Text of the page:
• We joined partners to launch the National Wildlife Migratory Corridors and Dispersal Areas Report. The report identifies conservancies as a key opportunity for securing dispersal areas and wildlife migratory corridors, a critical component identified under Kenya’s vision 2030. Conservancies are a tested mechanism for attaining connectivity in larger interconnected landscapes. Read more from the report here


  • KWCA participated in CITES COP 17 and was instrumental in the formation of a CITES Rural Community Working group. As a member of the working group, KWCA joins other community representative entities across Africa to engage and include community concerns into the CITES processes. The recognition of community as a major stakeholder in Natural resource management is an important milestone in securing gains made through community conservation efforts across Africa.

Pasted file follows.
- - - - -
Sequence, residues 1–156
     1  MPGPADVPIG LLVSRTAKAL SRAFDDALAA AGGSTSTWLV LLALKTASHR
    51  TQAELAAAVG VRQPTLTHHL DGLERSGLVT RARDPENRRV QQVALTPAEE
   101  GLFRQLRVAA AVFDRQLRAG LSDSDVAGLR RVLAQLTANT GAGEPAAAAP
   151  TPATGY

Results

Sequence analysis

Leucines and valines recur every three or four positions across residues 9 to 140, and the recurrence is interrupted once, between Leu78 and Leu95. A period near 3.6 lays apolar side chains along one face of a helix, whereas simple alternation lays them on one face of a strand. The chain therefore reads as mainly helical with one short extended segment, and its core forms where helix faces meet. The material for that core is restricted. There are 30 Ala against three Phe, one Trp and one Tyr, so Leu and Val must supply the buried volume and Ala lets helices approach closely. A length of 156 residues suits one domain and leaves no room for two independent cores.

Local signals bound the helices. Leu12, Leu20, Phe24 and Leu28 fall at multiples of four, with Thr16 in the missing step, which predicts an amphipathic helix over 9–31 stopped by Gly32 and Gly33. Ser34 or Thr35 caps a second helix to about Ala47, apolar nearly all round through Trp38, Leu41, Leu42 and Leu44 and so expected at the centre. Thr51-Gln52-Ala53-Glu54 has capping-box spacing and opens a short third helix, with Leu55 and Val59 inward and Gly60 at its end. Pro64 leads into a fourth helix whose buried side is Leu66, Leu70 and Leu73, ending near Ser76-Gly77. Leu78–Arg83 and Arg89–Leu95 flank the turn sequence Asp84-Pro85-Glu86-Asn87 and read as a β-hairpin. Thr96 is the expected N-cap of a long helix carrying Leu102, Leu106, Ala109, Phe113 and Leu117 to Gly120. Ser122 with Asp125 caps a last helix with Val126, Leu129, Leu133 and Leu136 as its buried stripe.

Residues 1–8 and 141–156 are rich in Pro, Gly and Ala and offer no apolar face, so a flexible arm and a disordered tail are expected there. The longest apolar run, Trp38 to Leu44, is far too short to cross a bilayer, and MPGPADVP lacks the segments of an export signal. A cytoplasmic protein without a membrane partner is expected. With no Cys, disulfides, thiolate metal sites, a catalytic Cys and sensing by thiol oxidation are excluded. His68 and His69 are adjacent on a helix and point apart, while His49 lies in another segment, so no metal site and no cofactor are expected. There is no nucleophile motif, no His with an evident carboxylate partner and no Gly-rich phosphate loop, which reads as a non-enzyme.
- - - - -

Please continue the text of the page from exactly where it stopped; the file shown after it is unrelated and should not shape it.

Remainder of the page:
• We worked with the government to gazette five Wildlife Conservation and Management Regulations needed to implement the Wildlife Act 2013. Among the regulations gazetted are the Compensation Regulations, which guide the process of lodging compensation claims. Delay in compensating for loss of life, injury or damage to property is a major driver of retaliation killings of wildlife. Regular and predictable compensation is a key step in arresting these increasingly damaging conflict between people and wildlife.

Intensified Efforts to Build the Capacity of Conservancy Rangers and Managers

Kalama conservancy rangers on patrol to collect and analyse data on wildlife sightings while out in the field.